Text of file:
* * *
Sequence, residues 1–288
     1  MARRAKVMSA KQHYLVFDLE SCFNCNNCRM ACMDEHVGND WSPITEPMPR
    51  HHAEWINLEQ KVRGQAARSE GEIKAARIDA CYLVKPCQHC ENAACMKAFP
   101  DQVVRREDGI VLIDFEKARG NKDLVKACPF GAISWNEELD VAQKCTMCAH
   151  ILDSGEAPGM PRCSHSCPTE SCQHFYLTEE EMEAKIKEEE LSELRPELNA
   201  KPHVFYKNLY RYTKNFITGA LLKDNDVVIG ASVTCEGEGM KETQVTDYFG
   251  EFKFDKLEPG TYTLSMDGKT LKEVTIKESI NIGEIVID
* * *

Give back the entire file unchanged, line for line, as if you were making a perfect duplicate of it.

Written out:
Sequence, residues 1–288
     1  MARRAKVMSA KQHYLVFDLE SCFNCNNCRM ACMDEHVGND WSPITEPMPR
    51  HHAEWINLEQ KVRGQAARSE GEIKAARIDA CYLVKPCQHC ENAACMKAFP
   101  DQVVRREDGI VLIDFEKARG NKDLVKACPF GAISWNEELD VAQKCTMCAH
   151  ILDSGEAPGM PRCSHSCPTE SCQHFYLTEE EMEAKIKEEE LSELRPELNA
   201  KPHVFYKNLY RYTKNFITGA LLKDNDVVIG ASVTCEGEGM KETQVTDYFG
   251  EFKFDKLEPG TYTLSMDGKT LKEVTIKESI NIGEIVID